It is believed that the famous saint, Shah-I-Hamdaan, who visited the Himalayan valley along with many followers that also included Khatamband artists from Iran, brought Khatamband to Kashmir during the 14th Century. These artisans passed on this art to local Kashmiris. Architect Bilal Sheikh says, “Khatamband got popular in Kashmir because of its beauty and quality of insulation.”. Later, Mirza Hyder Douglat worked hard in spreading the art throughout Kashmir. A finished ceiling comes alive in unique geometrical patterns. With hardly any nails used, this ceiling can easily be dissembled and re-assembled at another place. . Few of these artists stayed on in Kashmir in the Traal village.  

These artists passed on their craft to the Geeru family. Khatamband however did not flourish at the time. Mirza Hyder Daulat later revived it in 1514. The Geeru families are now concentrated in an area called Safa Kadal. The art of khatamband is said to have been introduced by Mughals from the Persian khatamband that was also made in Central Asia. However, the existing specimens show that in Kashmir certain innovations were made in the craft that replaced the ivory, bone, mother of pearl, brass and silver and in this place pure wooden pieces were painted with floral motifs as in the mosque of the Madani. It was also sometimes painted to give different hues to separate geometrical panels or else inscriptions written as on the panels of the wall in the Khanqah at Srinagar. Such innovations even though make the craft different from the khatamband in the outlook, yet these make it more beautiful. In the past this craft may have been very popular and has been appreciated for its beauty. In the mid nineties, the craft died down due to its extravagance and the cost, which came with it. Houseboat manufacturers were the traditional customers of Khatamkari. That too did not help since no new houseboat has been constructed for over a decade. The Geerus secretly guarded the craft till the 20th century and then passed on through generations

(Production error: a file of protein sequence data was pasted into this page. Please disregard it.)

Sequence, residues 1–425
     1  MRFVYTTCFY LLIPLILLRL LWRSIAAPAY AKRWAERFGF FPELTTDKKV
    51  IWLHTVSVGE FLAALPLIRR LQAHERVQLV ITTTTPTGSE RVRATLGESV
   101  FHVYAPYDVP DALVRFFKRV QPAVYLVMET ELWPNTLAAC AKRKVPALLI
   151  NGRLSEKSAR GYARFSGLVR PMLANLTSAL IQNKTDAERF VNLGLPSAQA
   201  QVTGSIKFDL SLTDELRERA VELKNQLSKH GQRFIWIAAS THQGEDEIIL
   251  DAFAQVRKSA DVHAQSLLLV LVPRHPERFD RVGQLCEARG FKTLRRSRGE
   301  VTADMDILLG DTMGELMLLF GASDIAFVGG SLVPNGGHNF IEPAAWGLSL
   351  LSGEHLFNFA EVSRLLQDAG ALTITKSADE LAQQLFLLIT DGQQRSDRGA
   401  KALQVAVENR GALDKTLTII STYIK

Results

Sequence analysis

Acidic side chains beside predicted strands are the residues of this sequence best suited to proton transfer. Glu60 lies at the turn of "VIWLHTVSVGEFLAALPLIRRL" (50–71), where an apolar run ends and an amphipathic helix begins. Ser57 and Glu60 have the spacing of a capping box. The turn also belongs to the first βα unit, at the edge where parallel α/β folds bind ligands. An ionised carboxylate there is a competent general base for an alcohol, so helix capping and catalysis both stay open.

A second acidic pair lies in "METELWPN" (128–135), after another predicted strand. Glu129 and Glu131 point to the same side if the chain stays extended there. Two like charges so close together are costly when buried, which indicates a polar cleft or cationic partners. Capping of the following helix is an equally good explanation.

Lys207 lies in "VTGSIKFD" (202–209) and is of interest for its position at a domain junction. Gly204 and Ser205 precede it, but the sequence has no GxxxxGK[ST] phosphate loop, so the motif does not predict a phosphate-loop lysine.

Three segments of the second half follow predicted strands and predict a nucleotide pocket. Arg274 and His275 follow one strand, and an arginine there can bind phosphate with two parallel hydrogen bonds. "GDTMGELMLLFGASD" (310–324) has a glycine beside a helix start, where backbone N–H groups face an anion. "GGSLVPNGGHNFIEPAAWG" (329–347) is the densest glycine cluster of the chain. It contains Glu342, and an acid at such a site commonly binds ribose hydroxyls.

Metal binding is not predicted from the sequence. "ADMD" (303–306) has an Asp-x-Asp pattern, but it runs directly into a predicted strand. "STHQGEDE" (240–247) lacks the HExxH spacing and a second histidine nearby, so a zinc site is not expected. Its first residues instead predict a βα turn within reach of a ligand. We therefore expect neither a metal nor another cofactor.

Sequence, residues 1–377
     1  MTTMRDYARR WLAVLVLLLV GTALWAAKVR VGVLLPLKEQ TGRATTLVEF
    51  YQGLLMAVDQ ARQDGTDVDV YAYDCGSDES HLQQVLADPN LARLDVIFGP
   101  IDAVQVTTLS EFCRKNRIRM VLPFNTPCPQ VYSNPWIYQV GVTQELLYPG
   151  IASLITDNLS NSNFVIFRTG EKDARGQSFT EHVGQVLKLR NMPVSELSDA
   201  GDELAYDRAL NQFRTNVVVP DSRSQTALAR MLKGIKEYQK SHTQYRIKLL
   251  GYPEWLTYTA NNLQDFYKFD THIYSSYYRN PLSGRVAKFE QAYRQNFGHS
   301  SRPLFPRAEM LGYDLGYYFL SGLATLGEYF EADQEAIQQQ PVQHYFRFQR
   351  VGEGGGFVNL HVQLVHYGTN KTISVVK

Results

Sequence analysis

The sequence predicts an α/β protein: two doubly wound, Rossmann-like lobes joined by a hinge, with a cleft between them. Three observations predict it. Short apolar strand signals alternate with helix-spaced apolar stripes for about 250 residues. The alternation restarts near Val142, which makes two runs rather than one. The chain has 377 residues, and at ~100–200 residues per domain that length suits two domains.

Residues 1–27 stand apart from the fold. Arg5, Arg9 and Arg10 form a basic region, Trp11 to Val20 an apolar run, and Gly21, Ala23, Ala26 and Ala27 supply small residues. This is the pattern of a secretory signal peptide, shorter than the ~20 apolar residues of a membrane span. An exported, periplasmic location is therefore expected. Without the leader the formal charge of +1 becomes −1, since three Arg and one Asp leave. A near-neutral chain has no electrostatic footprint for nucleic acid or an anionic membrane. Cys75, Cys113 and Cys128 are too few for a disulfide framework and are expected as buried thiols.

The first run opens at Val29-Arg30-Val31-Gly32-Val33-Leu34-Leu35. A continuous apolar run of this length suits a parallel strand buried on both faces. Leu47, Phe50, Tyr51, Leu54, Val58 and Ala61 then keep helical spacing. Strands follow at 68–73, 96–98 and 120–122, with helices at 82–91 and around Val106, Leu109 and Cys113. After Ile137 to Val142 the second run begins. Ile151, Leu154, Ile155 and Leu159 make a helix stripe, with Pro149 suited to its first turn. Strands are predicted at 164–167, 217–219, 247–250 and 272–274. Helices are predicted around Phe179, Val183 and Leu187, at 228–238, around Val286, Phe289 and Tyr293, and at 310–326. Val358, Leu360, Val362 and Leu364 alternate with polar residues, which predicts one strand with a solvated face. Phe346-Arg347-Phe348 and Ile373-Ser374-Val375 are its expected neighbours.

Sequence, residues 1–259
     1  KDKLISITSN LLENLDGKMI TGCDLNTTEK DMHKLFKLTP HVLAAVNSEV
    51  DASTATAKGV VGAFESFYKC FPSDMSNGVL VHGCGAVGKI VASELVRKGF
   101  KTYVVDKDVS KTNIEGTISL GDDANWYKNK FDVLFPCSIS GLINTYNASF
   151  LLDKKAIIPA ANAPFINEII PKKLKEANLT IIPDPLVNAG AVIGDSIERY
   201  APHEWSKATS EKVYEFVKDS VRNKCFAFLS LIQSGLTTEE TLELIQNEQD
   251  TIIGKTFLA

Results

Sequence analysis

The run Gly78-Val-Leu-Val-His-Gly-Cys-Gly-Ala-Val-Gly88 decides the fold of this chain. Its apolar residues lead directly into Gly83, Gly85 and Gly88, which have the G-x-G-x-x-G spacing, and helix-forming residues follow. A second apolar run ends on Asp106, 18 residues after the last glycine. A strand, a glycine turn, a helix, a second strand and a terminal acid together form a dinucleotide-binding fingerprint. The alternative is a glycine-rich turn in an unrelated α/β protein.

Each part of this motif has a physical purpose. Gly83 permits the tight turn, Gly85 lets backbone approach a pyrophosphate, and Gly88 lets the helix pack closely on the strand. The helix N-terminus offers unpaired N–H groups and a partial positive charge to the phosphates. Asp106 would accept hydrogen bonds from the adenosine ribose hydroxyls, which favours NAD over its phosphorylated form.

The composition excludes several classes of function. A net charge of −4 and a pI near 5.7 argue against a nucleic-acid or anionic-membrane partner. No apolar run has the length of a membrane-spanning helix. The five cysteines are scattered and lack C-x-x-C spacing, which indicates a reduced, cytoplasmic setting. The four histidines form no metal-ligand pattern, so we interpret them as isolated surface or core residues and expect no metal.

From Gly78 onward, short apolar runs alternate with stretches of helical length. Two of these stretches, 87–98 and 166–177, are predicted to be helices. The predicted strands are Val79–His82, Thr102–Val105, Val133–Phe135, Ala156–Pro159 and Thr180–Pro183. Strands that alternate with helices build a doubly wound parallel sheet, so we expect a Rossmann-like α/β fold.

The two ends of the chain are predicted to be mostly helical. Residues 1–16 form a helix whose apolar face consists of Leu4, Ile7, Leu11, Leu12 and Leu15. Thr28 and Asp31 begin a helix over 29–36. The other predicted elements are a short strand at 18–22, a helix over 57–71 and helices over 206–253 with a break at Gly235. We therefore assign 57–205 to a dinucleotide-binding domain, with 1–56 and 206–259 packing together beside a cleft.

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Design